The obvious question, though, is why now? It’s been four decades since we abandoned South Vietnam in disgrace, leaving it to the wolves of the Viet Cong. The legacy of protesting that war has been a lesson learned in how to turn public opinion against a just cause — a template the Left has followed all too well with the Long War against Jihadistan. The current regime doesn’t have the intestinal fortitude to wage that war. Aside from a fading recollection of 9/11, many Americans seem far more concerned about the latest dustup involving Donald Trump than our ongoing air war against the Islamic State that is the latest chapter in this epic struggle. One could answer that Perlstein is doing a pre-emptive strike against escalating in Iraq by alluding to Vietnam once again.

The answer may be much simpler than that, though. Perlstein has a book that’s just been re-released in paperback, and what better way to create buzz than to spin a new angle on old news. His article uses the leftist dog whistle of equating racism with the Confederate flag and applies it to a war we fought against others who don’t look like us — for others who don’t look like us, we might add.

When it comes to war, it might be the only flag that satisfies Perlstein is a white one. Or is that racist, too?

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For more, visit Right Opinion.



Michael Reagan: “For some reason, many Republicans and conservatives have become their own worst enemies. If they don’t agree with 100 percent of everything a primary candidate says or does, they call him or her a ‘Republican in name only’ and they’re against them. It’s gotten totally nuts and self-defeating. … To make matters worse, if their favorite in the primary doesn’t win, many conservative Republicans won’t show up in the general election to vote for president. Ask Mitt Romney how that works out. Conservatives love to drop my father’s name and try to find candidates that act and think like he did. But they forget that Ronald Reagan was an 80-20 guy. He was happy to agree with 80 percent of a Republican candidate’s views because he knew that he’d never find someone with whom he agreed 100 percent. He didn’t make the perfect conservative the enemy of the good conservative. And he always, always, always supported the final choice of the Republican Party — even after they beat him in the primary. Finally, may I remind everyone that as governor, Ronald Reagan, the great conservative, raised taxes and signed an abortion bill. That would disqualify him as a RINO by today’s standards. Yet he was the best president in our lifetime.”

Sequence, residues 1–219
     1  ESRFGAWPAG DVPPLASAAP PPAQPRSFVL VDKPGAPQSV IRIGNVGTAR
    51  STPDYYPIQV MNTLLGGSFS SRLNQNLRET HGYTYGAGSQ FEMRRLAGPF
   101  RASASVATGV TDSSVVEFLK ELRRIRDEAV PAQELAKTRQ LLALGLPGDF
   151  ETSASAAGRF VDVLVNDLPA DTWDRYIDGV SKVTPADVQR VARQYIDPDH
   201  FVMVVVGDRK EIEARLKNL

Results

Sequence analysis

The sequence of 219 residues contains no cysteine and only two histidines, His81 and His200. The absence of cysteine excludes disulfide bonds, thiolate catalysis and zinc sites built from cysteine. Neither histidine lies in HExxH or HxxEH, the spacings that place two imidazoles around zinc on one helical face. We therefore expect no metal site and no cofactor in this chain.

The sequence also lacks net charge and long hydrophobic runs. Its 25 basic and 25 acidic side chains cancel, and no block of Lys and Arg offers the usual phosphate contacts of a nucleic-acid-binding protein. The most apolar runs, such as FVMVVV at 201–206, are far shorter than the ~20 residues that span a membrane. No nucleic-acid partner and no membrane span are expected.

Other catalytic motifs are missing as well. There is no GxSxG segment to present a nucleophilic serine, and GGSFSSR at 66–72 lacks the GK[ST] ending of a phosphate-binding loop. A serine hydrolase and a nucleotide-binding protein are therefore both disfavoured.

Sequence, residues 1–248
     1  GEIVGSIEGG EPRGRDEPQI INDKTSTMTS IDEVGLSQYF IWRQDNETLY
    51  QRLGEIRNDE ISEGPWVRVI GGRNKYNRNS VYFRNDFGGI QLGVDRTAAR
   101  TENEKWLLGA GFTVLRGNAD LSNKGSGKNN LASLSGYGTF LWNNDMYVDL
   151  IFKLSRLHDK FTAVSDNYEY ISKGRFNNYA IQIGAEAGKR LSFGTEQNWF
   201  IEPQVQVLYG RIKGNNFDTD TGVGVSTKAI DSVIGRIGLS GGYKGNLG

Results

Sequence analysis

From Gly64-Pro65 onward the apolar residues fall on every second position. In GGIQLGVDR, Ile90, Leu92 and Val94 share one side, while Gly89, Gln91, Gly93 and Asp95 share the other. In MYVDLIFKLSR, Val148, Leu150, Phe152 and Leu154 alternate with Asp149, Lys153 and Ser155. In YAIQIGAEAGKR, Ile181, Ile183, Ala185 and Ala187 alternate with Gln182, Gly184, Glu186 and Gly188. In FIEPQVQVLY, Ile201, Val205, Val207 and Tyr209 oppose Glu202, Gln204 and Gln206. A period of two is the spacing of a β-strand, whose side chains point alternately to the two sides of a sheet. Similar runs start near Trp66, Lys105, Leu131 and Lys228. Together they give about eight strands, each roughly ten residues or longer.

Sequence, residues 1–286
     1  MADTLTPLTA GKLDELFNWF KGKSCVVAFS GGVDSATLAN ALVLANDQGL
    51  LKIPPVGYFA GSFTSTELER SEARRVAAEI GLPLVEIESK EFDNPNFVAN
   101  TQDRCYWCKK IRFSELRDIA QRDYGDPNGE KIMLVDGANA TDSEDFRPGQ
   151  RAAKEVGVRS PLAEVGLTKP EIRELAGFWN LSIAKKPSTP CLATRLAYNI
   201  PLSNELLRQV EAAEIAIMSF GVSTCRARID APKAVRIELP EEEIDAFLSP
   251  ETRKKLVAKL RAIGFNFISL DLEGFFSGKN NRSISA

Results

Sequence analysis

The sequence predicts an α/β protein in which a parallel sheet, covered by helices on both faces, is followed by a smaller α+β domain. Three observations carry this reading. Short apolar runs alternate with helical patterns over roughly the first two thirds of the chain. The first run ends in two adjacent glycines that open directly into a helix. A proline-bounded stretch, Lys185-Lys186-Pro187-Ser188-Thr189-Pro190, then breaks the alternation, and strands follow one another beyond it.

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Insight: “[F]or a nation to try to tax itself into prosperity is like a man standing in a bucket and trying to lift himself up by the handle.” –Sir Winston Churchill (1874-1965)

Class warfare flashback: “I say it is only reasonable to shift the [tax] burden to those most able to pay.” —Donald Trump, while proposing a 14.25% surtax on the wealthy in 1999

The BIG Lie: “If you think of Watts 50 years ago, if you think of South Central with Rodney King, all of the violence we have seen all the way to today in Baltimore and Ferguson has usually been sparked by police violence.” —Al Sharpton

Braying Jenny: “[Congress] called me back to testify on the IRS ‘scandal,’ and I too[k] the 5th again because [Republicans] had been so evil and dishonest in my lawyer’s dealings with them.” —Lois Lerner in an email dated March 6, 2014

Village Idiots: “I was never a political person — this whole fiasco has only made me lose all respect [for] politics and politicians. I am merely a pawn in [the Republicans'] game to take over the Senate.” —Lois Lerner in an email, June 2014

Belly laugh of the week: “There’s nothing criminal about [Hillary Clinton’s email investigation]. … I think she’s been completely truthful and this is an attempt by the Republicans to smear the front-runner early on. … [T]his, in fact, is nothing but a partisan witch hunt.” —Howard Dean

Late-night humor: “Bernie Sanders has now passed Hillary Clinton in the New Hampshire polls. It’s the first time anyone’s ever been passed by a guy in a Prius.” —Seth Meyers

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Semper Vigilans Fortis Paratus et Fidelis!
Managing Editor Nate Jackson

Join us in daily prayer for our Patriots in uniform — Soldiers, Sailors, Airmen, Marines and Coast Guardsmen — standing in harm’s way in defense of Liberty, and for their families.